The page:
Whatever happened to choral speech?  When I was in elementary school choral speech was as important in our choirs as singing.  I remember Mrs Budgell directing us to learn John  Masefield’s , Sea Fever .

I must go down to the sea again  ( say  “must” with great emphasis.)

To the looooonely (Stretch this to four syllables and make it sound spooky)sea and the Sky ( say sky in a high pitched voice)

And all I ask is a TALL ( make the word sound tall) ship

And a star (make star light and airy) to steer her by.

By now you probably have a sense of how it should go.  Final t’s were spit out like the sizzle of water on hot grease; an “s” sound would swirl behind the teeth to give the sound of sea spray ; we could put a Scotsman to shame with our rolling  “r”.   A “wh”was blown through the lips.  What , where, when, why  _try saying those and blow out each time you say the first two letters. To this day I blow my wh sound.

If you said words like down, under, beneath or low you were required to speak in a bass voice.  If it was a high word like star, sun, up, you would use a high soprano squeak.

Action words like  kick, shut, skip would be like a staccato note in music. Clipped and enunciated precisely.

Roar” “screamscreech”? _make the given sound. Think of lion , horror movie , horror movie again

It was a great exercise for learning how to be expressive and the mechanics were as rigid as music notation.  It was after all music of a different sort much like rap today.  Come to think of it choral speech was perhaps the precursor of rap.

We learned many poems in our choral speech practices.  I remember a couple of them .  Godfrey Gordon Gustavus Gore was one.  Has anyone else ever heard of that poem about a boy who never would shut the door?  It was full of words that allowed us to put our whole creative vocal talents to work.

And we presented these poems in music festivals.  Thirty voices recited one verse after another in perfect unison, and with perfect timing.  The rise and fall of pitch, the rhythm changing from fast to slow and vice versa, the soft gentle melodies and loud thunderous roars spilled from our ten year old synchronized mouths . It was an art form that has been forgotten but not by my class.  I suspect that everyone of those choir members now in their sixties would  be able to give a good approximation of Sea Fever or Godfrey Gordon Gustavus Gore.

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5 responses »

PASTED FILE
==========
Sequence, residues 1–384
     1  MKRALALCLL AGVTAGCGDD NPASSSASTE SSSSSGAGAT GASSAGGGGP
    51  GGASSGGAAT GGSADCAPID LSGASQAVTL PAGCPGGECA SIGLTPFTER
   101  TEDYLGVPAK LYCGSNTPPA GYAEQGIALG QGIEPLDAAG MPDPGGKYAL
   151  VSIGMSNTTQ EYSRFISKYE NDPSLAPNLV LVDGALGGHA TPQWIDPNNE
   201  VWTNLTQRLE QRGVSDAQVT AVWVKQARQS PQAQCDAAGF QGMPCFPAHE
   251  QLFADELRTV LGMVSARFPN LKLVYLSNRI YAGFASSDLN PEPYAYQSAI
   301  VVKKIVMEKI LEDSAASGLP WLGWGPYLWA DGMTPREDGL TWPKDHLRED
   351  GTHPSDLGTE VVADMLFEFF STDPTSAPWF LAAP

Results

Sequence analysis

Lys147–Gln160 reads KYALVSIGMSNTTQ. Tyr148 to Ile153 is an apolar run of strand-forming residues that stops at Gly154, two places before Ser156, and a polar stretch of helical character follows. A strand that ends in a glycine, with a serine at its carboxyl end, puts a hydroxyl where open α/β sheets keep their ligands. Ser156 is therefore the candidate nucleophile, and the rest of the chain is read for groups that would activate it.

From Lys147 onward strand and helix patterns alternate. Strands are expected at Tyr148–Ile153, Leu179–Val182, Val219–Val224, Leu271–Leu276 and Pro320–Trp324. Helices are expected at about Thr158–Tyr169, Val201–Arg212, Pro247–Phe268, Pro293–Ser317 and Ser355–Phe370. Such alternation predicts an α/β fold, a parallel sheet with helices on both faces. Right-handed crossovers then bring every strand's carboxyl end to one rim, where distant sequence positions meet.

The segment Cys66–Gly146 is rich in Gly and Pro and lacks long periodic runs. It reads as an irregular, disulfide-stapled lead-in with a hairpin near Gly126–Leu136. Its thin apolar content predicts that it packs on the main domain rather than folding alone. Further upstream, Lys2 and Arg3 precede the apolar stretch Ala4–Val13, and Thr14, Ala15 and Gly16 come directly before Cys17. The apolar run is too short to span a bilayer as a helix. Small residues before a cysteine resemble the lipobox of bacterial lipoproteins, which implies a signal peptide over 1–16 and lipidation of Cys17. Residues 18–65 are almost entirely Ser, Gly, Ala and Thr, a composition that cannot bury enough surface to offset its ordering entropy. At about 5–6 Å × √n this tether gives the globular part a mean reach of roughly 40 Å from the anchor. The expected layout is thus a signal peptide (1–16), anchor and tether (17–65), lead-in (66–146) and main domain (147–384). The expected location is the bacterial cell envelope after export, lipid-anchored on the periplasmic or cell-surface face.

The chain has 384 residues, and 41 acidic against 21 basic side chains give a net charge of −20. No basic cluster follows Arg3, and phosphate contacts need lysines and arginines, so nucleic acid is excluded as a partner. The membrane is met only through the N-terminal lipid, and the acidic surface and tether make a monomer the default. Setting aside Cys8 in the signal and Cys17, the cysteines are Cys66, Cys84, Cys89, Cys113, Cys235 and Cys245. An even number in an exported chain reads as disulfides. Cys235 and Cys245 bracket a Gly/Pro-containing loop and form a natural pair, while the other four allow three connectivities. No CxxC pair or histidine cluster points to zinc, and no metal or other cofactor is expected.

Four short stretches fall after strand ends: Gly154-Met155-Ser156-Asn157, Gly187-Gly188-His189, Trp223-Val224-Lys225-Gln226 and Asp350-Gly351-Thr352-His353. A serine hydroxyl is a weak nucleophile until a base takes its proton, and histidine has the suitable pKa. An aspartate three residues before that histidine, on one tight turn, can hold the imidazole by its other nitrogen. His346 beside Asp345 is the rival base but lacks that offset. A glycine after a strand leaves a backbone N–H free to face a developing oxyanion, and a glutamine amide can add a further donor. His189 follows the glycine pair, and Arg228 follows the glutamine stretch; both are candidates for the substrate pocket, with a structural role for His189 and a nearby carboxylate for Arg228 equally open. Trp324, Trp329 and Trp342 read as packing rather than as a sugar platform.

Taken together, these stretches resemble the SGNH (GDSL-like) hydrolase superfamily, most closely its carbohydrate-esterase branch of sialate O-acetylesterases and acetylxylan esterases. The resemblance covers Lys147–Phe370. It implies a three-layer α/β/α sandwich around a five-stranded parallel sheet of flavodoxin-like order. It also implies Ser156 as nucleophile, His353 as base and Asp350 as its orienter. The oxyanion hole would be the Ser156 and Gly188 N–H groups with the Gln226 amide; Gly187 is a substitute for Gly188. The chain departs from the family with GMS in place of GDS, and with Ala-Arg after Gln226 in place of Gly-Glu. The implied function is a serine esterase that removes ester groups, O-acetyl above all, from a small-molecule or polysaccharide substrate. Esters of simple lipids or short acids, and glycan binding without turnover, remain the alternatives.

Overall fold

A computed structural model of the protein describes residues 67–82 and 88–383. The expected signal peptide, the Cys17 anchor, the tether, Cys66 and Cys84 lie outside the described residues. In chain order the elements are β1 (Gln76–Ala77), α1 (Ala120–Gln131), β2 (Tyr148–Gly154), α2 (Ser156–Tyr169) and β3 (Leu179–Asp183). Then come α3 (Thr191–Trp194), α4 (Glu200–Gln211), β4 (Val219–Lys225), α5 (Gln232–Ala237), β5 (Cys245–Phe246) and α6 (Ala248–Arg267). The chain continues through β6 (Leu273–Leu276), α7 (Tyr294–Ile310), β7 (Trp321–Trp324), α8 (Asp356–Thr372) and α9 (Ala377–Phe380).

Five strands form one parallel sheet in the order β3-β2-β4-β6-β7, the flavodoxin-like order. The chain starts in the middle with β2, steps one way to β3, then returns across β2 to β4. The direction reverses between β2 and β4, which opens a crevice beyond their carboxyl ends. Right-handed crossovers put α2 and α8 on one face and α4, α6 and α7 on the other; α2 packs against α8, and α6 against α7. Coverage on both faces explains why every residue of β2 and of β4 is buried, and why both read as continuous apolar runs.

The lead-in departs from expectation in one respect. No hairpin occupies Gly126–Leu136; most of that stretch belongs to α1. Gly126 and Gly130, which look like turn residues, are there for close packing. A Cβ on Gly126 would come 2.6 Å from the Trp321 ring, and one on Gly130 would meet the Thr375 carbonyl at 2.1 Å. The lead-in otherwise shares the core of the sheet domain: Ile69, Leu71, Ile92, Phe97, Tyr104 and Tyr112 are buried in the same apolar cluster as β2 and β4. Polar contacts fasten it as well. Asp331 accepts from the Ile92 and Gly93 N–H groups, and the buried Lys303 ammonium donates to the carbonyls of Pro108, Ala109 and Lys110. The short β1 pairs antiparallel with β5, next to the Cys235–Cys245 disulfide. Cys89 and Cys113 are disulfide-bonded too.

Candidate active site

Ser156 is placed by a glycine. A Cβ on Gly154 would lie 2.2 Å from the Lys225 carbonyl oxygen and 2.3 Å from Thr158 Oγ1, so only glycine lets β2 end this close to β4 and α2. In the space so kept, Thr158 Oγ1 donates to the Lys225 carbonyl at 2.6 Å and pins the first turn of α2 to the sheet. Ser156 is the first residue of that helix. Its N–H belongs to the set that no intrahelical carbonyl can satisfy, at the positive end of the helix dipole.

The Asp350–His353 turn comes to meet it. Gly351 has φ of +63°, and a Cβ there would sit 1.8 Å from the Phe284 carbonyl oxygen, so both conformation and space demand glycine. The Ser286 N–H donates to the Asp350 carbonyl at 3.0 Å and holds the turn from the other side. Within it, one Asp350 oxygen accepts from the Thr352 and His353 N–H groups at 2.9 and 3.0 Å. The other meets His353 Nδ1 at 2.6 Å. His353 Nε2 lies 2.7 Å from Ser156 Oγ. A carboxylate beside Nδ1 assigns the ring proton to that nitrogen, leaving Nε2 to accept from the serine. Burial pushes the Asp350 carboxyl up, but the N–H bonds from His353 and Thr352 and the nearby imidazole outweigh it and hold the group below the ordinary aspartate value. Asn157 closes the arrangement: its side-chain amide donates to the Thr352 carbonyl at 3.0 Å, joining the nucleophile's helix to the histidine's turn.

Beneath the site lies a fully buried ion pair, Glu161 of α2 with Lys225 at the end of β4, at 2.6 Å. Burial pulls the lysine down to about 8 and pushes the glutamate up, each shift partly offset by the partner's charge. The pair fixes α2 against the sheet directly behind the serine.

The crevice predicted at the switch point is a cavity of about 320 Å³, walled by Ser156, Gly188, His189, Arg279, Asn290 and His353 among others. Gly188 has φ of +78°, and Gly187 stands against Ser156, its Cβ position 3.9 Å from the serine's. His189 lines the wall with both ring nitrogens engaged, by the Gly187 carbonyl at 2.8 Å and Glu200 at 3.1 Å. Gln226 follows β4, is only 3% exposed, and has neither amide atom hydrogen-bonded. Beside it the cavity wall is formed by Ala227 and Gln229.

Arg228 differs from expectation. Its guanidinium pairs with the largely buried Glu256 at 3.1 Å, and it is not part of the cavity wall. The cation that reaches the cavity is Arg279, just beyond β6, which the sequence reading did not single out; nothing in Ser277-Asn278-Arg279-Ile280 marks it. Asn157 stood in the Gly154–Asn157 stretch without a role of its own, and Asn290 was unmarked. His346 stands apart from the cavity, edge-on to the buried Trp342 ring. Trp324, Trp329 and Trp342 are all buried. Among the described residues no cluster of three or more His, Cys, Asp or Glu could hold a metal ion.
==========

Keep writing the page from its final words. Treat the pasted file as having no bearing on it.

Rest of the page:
1. I can’t remember choral speech but I definitely remember Sea Fever and Godfrey Gordon Gustavas Gore. It’s been years since I’ve heard them but I found myself reciting them as I read your post. Well written and enjoyable.

  2. I don’t recall any choral reading in my elementary school. Mostly we sang in concerts but were told not to really sing, just lipsinc. Pretend in other words. This was not a good way to deal with a few of us who felt we had no voice, or not a singing one anyway! I always did choral reading in my classrooms. I would have boys, then girls, then together and so on. I encouraged them to memorize poems. I recall getting each student to choose a poem to memorize. We had poetry booklets, where we kept copies of our favorite poems. On certain days, students could choose a favorite to read for everyone. When children wrote poetry, I encouraged them to save copies in their booklet. Poetry and choral reading were big in my classroom. Unlike you, I never did any memorization or choral reading as a child. Lucky you! It never stopped my love of poetry however.

    • I have heard other people say that they were asked to lip sync as children. That must have given you quite a complex. My feeling is anyone with a voice can sing. It just requires finding the right key. Some of the greatest performers do not have the traditional melodious voices but are top ranking performers just because their voices are different. Take Rod Stewart and Leonard Cohen for example.

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